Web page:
David Cameron-Olympics

Prime Minister, David Cameron, has condemned the proposed strike action over job cuts and pay that border forces have threatened to take during the Olympic games.

Cameron commented "I do not believe it would be right, I do not believe it would be justified." He went on to say that the Public and Commercial Services union (PCS) had only managed around a 20 percent turnout, and a very narrow majority, so he hoped that strike action would not take place.

Unfortunately, it is not just the border staff who have proposed strikes during the Olympic games. Thousands of staff at the Home Office, which includes airport immigration, plan on a twenty four hour strike the day before the Olympics as well as train drivers represented by the Aslef union, who plan on strikes in August over their pensions. These strikes have been condemned by politicians with the unions having been described as being out of touch with the public mood if they believe these actions to be the right step.

Members of the Aslef union for East Midlands Trains will take industrial action on August 6, 7 and 8, during a number of athletics finals at the Olympic Stadium. The PCS also plan on taking further actions during the Olympics in addition to their strike the day before the games start, potentially up until August 20. They are hoping the strikes will lead to a resolution concerning their pensions, pay and other issues. The strike will involve staff from the UK Border Agency, the Identity and Passport Service and Criminal Records Bureau.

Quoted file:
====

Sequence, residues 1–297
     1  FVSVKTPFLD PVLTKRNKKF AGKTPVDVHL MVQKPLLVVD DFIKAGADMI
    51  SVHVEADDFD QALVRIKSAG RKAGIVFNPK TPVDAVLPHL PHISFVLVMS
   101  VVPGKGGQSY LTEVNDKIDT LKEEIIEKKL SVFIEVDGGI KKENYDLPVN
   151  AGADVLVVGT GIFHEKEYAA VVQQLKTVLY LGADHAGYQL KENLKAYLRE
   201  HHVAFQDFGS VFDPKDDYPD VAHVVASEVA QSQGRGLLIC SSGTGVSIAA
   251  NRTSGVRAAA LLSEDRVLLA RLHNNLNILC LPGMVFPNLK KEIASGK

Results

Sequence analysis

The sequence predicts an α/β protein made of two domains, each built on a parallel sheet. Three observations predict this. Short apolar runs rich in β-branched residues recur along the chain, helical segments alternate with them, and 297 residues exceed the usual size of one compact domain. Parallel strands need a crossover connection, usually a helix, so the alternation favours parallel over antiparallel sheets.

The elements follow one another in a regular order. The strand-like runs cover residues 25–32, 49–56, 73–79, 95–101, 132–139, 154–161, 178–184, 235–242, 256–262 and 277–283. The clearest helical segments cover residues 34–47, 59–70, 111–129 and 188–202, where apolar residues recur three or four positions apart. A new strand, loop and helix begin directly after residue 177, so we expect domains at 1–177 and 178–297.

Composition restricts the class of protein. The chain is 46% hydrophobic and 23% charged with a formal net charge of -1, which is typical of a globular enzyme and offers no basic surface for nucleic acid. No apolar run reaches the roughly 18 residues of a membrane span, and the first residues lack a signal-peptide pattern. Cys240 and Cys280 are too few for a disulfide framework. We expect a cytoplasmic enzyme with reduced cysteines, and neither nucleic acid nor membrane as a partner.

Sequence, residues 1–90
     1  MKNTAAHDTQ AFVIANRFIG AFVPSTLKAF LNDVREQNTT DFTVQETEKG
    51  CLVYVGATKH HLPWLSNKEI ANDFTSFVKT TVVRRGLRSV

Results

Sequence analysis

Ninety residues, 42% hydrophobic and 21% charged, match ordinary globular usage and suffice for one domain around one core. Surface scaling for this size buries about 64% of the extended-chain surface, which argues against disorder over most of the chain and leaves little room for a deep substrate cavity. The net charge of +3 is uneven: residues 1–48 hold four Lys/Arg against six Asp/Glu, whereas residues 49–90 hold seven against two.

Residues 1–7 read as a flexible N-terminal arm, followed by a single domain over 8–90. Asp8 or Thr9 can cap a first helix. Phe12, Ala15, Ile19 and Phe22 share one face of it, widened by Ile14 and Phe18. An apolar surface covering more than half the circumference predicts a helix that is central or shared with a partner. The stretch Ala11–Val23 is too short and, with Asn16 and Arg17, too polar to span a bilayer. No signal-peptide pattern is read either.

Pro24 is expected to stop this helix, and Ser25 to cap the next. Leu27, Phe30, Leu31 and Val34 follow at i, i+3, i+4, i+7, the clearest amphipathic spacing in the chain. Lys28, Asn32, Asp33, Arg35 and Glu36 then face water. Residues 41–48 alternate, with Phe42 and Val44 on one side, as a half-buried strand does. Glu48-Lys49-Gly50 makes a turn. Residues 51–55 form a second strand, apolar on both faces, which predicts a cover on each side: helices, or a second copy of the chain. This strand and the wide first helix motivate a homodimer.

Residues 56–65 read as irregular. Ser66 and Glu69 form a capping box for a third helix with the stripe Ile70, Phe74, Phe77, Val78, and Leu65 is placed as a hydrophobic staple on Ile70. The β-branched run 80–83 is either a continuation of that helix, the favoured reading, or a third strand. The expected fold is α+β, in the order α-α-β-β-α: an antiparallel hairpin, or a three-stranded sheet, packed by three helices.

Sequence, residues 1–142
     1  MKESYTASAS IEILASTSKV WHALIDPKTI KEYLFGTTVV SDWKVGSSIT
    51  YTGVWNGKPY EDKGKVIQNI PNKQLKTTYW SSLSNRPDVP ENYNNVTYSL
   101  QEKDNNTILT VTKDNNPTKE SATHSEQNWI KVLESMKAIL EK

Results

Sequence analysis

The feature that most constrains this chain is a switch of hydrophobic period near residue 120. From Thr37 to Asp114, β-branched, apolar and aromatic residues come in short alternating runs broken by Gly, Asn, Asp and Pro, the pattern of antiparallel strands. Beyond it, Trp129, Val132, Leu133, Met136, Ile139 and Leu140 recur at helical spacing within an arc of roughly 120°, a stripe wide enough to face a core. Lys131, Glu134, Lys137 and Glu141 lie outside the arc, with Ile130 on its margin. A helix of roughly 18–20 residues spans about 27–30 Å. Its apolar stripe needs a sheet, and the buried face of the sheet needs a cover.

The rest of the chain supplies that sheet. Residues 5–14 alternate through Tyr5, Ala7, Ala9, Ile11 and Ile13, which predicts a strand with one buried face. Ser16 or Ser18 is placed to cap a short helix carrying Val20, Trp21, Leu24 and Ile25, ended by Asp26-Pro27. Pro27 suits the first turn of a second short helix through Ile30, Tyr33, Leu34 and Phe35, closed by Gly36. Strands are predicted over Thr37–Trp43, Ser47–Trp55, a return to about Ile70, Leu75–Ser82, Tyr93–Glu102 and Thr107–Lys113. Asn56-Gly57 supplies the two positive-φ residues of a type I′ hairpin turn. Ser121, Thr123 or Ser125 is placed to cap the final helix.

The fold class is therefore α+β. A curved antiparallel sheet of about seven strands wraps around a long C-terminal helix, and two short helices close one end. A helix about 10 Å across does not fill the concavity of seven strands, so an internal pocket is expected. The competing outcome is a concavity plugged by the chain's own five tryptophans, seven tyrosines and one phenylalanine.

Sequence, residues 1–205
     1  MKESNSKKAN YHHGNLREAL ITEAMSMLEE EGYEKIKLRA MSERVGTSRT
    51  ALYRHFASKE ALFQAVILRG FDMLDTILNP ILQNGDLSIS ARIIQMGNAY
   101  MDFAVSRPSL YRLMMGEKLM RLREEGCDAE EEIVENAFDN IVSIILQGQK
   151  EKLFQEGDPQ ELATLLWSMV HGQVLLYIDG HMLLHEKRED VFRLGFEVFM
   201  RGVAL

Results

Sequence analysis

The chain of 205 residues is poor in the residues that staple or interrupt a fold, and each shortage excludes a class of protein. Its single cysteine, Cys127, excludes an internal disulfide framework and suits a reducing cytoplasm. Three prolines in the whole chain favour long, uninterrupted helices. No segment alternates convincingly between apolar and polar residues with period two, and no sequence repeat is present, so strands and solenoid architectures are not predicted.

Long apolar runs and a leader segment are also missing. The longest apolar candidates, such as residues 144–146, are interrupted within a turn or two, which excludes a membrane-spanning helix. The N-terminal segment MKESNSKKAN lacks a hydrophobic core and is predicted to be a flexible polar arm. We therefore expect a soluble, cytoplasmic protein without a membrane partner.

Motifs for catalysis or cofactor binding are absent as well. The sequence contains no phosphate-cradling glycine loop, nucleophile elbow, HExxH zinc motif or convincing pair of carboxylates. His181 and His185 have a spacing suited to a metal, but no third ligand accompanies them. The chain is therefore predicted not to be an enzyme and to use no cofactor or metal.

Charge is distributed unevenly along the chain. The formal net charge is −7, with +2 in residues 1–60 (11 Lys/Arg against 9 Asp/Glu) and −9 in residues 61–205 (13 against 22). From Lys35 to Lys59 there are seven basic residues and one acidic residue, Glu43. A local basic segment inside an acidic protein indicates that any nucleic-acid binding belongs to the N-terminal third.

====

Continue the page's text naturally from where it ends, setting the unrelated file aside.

It's not just politicians who don't agree with these actions, Stagecoach, has expressed that the public will be extremely angry that these actions are being taken at such a disruptive time and when we really should be focusing on our national pride. In their defence the General Secretary for PCS, Mark Serwotka, said that 'ministers have known about these issues for a very long time and need to act now to sort out the chaos they have caused.'

The Olympic games being in London should be an opportunity to show the world what we can do but at the moment it seems we are ill prepared. The security problems caused by private sector firm G4S is another example of how things have not quite gone to plan. David Horne, Managing Director of East Midlands Trains, referring to the train strikes said 'this is yet another example of Aslef playing games and is a real kick in the teeth for our customers and the country.' He went on to explain that since their last strike in June there was only one more point that needed further discussion and that talks were ongoing when they heard the news of more strike action. 'We're particularly surprised that Aslef has announced further strike dates, rather than putting the offer that was accepted in principle back in June to their members for consideration.' He wanted to reassure the public and visitors that they would do all that was necessary to ensure the Olympic games ran smoothly nonetheless.

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